“We are in need of psychological support,” says Majda. “But the people working in this field only visited us for their own interests; taking photos and videos, for the benefit of their organization only.” Bashar adds: “once, a psychological worker came to talk with me but I couldn’t stay with her. She was the one who needed help. I told her that and then left the room.” Majda says: “the only organization I really respect is MSF. The day after the children returned home from the hospital they visited us and kept coming to our house for one year, until the wounds of my children were healed.”
When speaking about her outlook on the future, Majda says “I don’t have a clear picture of what it will be like. What I am sure about is that I cannot guarantee a nice future for my children. But I am trying to teach my children that education is very important for their future and convince them to do well in school.”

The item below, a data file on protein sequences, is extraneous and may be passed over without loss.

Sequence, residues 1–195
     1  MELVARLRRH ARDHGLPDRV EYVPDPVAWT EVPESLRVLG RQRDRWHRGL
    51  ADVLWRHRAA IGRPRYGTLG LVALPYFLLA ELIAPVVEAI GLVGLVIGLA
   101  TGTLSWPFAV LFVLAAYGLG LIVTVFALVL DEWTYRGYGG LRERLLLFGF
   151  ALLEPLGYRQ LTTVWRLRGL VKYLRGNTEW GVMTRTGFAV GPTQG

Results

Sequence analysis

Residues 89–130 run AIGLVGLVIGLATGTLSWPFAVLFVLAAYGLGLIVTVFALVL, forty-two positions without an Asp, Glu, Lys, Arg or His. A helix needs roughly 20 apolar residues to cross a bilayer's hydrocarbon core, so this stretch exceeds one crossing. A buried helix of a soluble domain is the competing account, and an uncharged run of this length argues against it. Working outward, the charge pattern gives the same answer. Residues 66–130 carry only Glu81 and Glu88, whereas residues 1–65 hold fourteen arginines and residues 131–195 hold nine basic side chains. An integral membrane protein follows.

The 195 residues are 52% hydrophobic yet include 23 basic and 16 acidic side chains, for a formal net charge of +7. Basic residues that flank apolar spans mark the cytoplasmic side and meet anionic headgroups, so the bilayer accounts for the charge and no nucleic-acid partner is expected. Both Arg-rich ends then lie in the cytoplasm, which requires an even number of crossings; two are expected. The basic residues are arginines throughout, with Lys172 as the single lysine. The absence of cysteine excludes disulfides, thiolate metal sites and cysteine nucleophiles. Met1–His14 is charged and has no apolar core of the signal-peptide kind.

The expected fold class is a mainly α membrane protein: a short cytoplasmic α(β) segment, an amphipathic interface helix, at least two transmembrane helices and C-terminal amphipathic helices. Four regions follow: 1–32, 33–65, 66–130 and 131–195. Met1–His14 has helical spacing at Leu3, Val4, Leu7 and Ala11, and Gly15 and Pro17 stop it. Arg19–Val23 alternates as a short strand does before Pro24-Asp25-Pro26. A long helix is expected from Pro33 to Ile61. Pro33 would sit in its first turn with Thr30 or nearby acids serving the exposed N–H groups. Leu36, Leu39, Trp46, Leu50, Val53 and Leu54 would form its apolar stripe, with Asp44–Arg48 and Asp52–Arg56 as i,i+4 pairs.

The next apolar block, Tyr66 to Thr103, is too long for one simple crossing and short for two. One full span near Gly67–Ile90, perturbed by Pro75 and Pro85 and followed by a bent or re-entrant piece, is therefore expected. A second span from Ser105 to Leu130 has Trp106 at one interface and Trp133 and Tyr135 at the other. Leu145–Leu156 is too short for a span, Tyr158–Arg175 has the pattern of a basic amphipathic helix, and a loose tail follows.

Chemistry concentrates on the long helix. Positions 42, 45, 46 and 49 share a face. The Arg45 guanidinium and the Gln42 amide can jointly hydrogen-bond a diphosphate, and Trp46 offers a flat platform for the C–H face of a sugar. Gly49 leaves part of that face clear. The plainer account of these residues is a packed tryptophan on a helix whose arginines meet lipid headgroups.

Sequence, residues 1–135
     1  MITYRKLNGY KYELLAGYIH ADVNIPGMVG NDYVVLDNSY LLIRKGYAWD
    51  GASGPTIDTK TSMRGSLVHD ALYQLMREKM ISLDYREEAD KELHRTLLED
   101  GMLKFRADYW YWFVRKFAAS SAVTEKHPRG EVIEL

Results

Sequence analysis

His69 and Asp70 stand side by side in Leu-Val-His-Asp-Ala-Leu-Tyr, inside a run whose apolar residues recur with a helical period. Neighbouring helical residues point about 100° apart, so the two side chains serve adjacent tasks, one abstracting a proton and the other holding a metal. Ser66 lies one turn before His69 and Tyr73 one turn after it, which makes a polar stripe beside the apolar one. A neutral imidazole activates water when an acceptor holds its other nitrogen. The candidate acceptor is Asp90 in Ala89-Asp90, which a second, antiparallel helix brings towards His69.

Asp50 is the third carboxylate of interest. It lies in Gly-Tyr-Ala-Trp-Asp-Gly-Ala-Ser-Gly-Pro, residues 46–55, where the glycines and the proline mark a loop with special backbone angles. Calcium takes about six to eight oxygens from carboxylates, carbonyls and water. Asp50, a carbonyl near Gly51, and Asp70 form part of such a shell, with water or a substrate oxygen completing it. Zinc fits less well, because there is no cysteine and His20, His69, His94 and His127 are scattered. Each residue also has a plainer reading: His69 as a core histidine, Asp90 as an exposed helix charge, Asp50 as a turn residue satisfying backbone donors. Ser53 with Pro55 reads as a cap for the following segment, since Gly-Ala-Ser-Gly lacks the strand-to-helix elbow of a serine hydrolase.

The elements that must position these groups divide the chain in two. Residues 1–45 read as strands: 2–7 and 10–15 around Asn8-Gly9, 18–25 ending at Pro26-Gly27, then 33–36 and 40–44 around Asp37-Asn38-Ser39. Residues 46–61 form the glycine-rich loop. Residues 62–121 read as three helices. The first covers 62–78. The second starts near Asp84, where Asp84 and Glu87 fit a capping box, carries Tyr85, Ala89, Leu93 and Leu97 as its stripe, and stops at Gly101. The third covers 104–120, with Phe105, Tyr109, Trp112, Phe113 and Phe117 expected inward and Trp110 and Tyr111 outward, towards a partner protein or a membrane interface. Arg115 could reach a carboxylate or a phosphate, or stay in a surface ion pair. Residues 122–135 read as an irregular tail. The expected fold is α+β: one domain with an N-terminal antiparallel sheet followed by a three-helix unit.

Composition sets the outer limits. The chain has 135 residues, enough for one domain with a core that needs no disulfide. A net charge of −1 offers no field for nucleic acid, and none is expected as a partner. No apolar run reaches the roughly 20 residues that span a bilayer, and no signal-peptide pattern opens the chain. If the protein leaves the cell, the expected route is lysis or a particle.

Majda is uncertain whether the attack on her family will result in justice in an Israeli court. “They targeted my husband and children, civilians. I am not sure if there will be any result in a court. If there will be any results, they will just make financial compensation and not bring my husband back to life,” she says.
PCHR submitted a criminal complaint to the Israeli authorities on behalf of the al-Nadeem family on 23 June 2009. To-date, no response has been received.
The series of narratives:
14 January 2009 – Muhammed Mousa
13 January 2009: Hibba al-Najjar
12 January 2009 – The Ayad family
11 January 2009: The Hamouda family
10 January 2009: Wafa al-Radea
9 January 2009 – The Abu Oda family
8 January 2009: The Al-Rahel family
7 January 2009 – The Mattar family
6 January 2009: Al-Dayah family
5 January 2009: Amal al-Samouni
4 January 2009: The Abdel Dayem family
3 January 2009: Motee’ and Isma’il as-Selawy
2 January 2009: Eyad al-Astal
1 January 2009: The Nasla family
31 December 2008: The Abu Areeda family
30 December 2008: The Hamdan family
29 December 2008: Balousha family
28 December 2008: The Abu Taima family
27 December 2008: The Al Ashi family